Wednesday, September 30, 2009


Nuclear Iran?

Iran's nuclear development program is proceding apace. The Iranians claim that their program is directed solely toward developing nuclear power capabilities. There may be some truth to that claim; the country imports gasoline even though it is a major exporter of petroleum. The rest of the world thinks that Iran is slowly but surely developing the capability of producing nuclear bombs. The only disagreement in the rest of the world is over the question, is Iran with nuclear weapons an existential threat or merely a nuisance? Perhaps the truth lies between those extremes.

Israel certainly views a nuclear Iran as a threat to its very existence. The political leaders of Iran all give at least lip service to the notion that Israel ought not exist, certainly not as a Jewish state in the midst of the Muslim world. To the extent that American foreign policy is directed toward unconditional support and defense of whatever government Israel chooses, Iran with nukes is regarded as a serious threat to the United States.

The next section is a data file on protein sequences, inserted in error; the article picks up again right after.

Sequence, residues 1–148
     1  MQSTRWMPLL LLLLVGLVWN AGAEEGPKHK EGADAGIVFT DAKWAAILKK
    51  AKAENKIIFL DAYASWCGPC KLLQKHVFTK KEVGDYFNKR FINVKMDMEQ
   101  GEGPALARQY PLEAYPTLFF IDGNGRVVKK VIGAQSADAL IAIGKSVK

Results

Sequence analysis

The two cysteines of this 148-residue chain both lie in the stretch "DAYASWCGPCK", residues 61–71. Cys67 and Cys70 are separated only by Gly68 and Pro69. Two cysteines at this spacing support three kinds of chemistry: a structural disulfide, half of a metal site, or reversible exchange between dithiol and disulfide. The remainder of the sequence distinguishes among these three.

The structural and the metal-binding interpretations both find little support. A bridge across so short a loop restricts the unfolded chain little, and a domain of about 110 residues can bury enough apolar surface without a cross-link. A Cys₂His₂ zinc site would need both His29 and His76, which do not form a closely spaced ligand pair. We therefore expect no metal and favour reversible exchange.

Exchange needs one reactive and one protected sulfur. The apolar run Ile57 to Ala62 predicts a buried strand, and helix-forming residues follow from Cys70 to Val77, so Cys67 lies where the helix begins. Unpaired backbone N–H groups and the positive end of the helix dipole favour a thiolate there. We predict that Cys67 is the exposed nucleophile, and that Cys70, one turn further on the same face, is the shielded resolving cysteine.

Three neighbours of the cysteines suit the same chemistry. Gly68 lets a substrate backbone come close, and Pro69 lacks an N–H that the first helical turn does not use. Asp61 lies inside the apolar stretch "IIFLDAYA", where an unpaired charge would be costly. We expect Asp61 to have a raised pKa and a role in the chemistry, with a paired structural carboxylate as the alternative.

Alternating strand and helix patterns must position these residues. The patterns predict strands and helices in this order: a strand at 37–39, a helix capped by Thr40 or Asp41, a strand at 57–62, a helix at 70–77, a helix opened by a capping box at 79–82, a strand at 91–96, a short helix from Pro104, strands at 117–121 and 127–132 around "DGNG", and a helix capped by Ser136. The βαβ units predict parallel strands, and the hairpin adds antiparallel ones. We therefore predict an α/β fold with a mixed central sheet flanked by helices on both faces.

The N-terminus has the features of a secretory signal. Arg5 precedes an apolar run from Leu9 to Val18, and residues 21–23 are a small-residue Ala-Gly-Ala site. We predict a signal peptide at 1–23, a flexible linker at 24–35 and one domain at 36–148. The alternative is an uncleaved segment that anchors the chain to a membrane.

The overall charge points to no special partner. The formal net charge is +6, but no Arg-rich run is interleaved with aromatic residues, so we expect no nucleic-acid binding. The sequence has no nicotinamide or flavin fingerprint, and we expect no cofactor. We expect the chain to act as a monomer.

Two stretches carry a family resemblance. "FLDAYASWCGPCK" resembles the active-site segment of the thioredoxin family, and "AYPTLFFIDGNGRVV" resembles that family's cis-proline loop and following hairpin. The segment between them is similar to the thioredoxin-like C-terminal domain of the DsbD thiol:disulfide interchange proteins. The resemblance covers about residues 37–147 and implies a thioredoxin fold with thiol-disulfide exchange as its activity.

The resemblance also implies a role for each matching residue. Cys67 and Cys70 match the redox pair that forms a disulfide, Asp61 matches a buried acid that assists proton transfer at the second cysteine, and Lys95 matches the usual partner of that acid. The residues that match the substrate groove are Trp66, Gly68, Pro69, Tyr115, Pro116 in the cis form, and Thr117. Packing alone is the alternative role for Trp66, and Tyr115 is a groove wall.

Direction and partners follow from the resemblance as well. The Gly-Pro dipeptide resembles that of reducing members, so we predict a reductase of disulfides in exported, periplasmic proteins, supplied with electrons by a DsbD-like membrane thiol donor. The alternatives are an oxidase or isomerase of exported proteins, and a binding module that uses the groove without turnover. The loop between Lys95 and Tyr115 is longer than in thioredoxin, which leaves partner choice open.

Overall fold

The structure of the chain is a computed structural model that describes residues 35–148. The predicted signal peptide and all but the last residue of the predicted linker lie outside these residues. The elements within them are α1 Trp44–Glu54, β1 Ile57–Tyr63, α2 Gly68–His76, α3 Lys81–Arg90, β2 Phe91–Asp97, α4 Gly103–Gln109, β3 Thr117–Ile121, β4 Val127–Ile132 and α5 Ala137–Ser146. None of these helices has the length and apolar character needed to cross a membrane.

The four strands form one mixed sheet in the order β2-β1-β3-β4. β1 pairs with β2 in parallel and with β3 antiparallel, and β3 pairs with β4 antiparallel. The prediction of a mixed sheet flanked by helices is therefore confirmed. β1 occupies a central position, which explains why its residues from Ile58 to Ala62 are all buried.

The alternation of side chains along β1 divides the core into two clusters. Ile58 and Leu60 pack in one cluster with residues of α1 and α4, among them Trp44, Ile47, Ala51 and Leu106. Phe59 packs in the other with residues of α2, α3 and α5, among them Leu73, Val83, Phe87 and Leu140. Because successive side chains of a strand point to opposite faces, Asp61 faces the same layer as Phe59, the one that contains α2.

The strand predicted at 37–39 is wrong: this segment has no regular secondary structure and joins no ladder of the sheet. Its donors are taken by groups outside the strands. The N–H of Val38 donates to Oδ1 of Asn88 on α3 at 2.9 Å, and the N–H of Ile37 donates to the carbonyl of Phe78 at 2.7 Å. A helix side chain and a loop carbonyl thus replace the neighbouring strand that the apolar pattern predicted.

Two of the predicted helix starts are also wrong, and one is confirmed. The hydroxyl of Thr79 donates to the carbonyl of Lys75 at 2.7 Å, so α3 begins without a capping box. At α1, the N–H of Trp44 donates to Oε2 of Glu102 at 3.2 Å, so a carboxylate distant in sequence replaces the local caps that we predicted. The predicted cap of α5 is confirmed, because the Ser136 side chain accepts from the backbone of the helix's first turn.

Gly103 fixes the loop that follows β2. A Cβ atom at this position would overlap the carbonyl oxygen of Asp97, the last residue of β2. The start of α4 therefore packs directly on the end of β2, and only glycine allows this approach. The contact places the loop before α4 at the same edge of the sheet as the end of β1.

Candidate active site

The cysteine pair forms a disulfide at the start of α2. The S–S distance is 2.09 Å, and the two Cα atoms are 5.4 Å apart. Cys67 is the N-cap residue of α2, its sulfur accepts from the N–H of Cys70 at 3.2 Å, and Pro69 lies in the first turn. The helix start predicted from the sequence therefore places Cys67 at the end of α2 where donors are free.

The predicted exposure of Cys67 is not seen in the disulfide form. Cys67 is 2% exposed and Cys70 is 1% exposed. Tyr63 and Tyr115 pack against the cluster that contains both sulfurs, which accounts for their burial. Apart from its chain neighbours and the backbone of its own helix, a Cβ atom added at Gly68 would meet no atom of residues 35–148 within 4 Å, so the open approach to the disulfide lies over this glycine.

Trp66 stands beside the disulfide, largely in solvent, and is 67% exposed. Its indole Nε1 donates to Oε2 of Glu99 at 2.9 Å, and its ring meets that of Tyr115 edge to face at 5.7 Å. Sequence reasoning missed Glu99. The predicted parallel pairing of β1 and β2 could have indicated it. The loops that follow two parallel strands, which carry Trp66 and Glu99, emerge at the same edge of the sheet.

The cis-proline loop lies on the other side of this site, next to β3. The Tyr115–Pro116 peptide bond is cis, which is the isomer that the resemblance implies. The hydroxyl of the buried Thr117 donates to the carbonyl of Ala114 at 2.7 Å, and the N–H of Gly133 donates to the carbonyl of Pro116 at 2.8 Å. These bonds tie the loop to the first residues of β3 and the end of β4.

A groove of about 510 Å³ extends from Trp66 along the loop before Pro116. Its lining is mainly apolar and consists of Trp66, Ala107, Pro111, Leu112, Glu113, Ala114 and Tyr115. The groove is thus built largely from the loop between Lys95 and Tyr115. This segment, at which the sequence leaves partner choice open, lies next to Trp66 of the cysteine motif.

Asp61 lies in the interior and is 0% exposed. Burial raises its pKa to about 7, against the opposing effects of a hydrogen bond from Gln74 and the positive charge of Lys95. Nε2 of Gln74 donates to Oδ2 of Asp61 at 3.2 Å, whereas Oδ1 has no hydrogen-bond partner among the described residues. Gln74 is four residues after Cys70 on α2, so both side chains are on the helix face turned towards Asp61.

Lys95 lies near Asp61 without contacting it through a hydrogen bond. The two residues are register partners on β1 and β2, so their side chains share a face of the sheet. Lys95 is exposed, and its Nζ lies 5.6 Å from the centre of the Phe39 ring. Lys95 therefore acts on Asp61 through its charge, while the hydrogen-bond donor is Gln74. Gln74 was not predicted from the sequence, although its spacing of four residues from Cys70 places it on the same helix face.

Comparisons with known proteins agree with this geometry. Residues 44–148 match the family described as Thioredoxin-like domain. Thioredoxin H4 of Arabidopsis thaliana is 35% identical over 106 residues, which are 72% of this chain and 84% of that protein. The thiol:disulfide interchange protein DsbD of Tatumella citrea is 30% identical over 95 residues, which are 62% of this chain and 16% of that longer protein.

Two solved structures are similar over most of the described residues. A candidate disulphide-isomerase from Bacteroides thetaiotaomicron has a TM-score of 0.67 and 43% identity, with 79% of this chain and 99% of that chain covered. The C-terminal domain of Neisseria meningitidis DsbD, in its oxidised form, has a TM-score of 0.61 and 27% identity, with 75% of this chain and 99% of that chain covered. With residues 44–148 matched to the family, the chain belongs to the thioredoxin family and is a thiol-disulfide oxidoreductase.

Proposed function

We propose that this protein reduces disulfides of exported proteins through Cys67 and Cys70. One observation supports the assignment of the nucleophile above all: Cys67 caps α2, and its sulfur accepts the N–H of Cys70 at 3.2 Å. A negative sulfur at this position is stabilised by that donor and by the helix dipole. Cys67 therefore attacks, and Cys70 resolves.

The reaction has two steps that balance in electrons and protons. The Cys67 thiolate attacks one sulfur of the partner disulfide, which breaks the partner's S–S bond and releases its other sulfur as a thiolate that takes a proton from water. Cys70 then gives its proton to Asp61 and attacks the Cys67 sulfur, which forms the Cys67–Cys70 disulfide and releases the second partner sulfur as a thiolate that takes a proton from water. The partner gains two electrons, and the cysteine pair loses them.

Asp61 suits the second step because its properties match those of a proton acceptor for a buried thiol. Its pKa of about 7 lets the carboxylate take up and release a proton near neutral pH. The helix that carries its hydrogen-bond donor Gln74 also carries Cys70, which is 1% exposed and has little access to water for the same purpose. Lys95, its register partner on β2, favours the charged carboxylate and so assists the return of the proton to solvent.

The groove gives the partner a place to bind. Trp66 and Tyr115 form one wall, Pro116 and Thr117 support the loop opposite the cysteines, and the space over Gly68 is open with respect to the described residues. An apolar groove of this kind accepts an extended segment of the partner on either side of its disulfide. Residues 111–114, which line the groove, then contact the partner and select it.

Iran with nukes is also evidence of the mistake of the American claim of special or exceptional virtues. We are better than other countries; we would never use nuclear weapons to attack another country; we can be trusted not to start wars or to do other dishonest and destructive things. In short, America is exceptional and should not be bound by the limits placed on all other nations. It's all right for America to have a huge nuclear arsenal. It's wrong for Iran to have even one nuclear weapon. This notion of American exceptionalism is so obviously self-serving and hypocritical that countries like Iran, North Korea, and others justify their own progress toward creating nuclear arsenals on what America does, not on what America says. For example, only one nation has ever used a nuclear weapon during a war. Do you remember what nation that was? The Japanese do.

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